July 7, 2006

Debate arises over an open raster graphics format

Author: Nathan Willis

The open source graphics community is debating the creation of an open specification for a new raster graphics file format. Many feel that the time has come to define an extensible, shared format to exchange complex documents between a variety of application programs -- including raster image editors, viewers, and related tools like vector and page-layout programs.

At issue is the interchange of layered documents between apps, not the usurpation of the native file format of individual editors. In years past, the Adobe Photoshop format (.PSD) served this need; it was well documented and supported the necessary features. But it is now no longer compatible with free software. Adobe pulled the public specification and closed the documentation; now those who wish to view it must sign agreements not to use the information to compete with Adobe products.

In the absence of .PSD, there is no application-agnostic file format up to the task. The goal of an open interchange format would be to move "complex" raster image documents between multiple applications, preserving high-level structural elements like layers, groups, masks, and paths, permitting access to metadata, and supporting image data from a multitude of bit-depths and color spaces. Properly designed and documented, full-featured apps like editors could implement the entire specification, and multiple apps could alter the same file, while simpler apps like viewers need only implement part of the specification.

An oft-mentioned second choice, the GIMP's XCF format, is supported by a number of free software programs, but was not designed for interchange or extensibility, and is likely to be replaced in the not-too-distant future anyway. The venerable TIFF format is highly extensible, but also very complicated. Extending the TIFF format might be possible, but adding non-raster data like text layers would be difficult, and the TIFF format is already so extended that most apps only implement a subset of its features.

OpenRaster

This leaves free software developers with a vacancy to fill. Discussion on the various approaches, their merits, and their drawbacks has taken place mainly on the CREATE project's mailing list. Krita developer Cyrille Berger first proposed building a new file format from the ground up back in March, and along with Krita maintainer Boudewijn Rempt wrote a draft specification based on the feedback received.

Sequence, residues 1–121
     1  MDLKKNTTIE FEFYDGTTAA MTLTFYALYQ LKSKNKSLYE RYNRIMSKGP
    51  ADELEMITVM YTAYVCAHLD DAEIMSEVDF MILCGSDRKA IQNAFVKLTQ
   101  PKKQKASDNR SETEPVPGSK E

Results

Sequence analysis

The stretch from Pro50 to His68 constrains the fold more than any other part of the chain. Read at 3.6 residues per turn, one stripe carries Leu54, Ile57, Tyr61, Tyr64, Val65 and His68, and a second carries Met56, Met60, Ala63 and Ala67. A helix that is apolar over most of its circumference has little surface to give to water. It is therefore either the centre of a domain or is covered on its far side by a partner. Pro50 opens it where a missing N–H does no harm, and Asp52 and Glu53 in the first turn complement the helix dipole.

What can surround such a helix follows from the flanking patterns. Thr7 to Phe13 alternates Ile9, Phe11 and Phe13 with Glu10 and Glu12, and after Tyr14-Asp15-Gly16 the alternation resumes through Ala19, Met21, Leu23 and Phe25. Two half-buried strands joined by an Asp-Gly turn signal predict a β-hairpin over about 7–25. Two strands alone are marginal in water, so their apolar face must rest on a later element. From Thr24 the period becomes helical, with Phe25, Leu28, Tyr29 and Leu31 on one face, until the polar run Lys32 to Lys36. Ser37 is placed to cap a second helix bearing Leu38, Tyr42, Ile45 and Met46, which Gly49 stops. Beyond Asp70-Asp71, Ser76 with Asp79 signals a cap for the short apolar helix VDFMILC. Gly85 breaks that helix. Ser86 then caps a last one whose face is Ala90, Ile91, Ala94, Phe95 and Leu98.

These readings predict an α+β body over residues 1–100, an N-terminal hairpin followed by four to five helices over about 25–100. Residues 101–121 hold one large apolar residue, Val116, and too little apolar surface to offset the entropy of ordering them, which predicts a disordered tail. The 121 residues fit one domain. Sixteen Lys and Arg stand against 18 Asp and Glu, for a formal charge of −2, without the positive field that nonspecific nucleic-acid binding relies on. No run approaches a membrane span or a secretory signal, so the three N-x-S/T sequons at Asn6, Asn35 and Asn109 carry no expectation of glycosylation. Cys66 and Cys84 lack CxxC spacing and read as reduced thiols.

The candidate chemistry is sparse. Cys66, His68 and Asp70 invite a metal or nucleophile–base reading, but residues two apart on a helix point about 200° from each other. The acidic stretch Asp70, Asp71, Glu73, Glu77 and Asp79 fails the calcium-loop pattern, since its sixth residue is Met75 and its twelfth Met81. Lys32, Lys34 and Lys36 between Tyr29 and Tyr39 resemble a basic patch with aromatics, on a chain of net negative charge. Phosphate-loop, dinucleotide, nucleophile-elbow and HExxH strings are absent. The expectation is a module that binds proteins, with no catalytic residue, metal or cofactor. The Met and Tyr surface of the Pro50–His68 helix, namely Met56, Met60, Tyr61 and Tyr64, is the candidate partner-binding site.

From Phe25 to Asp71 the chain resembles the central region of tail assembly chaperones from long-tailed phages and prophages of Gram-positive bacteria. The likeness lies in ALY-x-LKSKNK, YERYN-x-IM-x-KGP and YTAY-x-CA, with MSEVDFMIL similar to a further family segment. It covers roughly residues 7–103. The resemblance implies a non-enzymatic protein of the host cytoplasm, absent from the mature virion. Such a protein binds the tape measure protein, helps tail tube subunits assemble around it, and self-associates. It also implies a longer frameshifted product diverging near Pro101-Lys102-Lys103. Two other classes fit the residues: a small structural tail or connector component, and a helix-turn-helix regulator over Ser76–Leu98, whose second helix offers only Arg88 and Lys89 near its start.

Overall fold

Berger and Rempt's proposal -- tentatively termed OpenRaster -- follows the form of the existing OpenDocument specification. Each OpenRaster document is an archive of multiple binary data files and XML descriptors detailing the relationships between the parts. CREATE's Web site hosts both the OpenRaster proposal itself (in PDF) and a wiki page tracking the continuing development.

Rempt points out that by agreeing to work within the existing OpenDocument framework, arguments over basic structure and formatting decisions can be skipped entirely. Instead, he says, "we can move on to the fun bits: what does the composite operation OVER mean, and how can we specify a Gaussian blur adjustment layer that's portable between apps."

Reaction and outlook

Critics of OpenRaster cite the complexity of OpenDocument as more of a burden than a benefit. For example, OpenDocument specifies the ability to embed other documents within an OpenDocument file, but this can introduce both complexity for each application, and uncertainty, as multiple applications may not render the embedded document in the same way.

There are alternative theories to the OpenRaster approach. The GIMP's Øyvind Kolås posited a simpler technique in his earlier XCF2 proposal. This proposal also uses a combination of XML and binary data, but makes no attempt to implement OpenDocument. Note that despite its reference at various points in the OpenRaster debate, Kolås proposed XCF2 for the next generation of the GIMP, not in response to OpenRaster.

As Rempt alluded to, though, questions over the overall structure of the file format may be contentious, but more critical are the nuts and bolts of representing the image data within that structure. Indeed, after Berger and Rempt submitted the draft to the CREATE list, discussion rapidly veered off of the merits of OpenDocument itself and toward dissecting the technical issues.

That reinforces Rempt's point: that it is better for the graphics community to jump on the OpenDocument bandwagon than to try and hash out a separate standard, since it is a more efficient use of their time.

The process has just begun, and numerous arguments are sure to follow before anything concrete emerges. But the proposed format is not likely to wither away; Berger and Rempt are certain to propel their ideas forward, if for no other reason than they need a new native format for Krita.

Rempt took over as Krita's maintainer in 2003, and says he is stubborn enough to insist that whatever else happens, Krita's next-generation format will be OpenDocument-compliant. That said, as long as the Krita team was going to design a new format anyway, the community would be well-served if Krita focused on drafting the much-needed raster interchange format, rather than one specific to Krita alone. The other apps may never adopt OpenRaster as their own native format, but as long as its specification is open and community-driven, it will continue to be compatible, and thus serve as a valid replacement for PSD.

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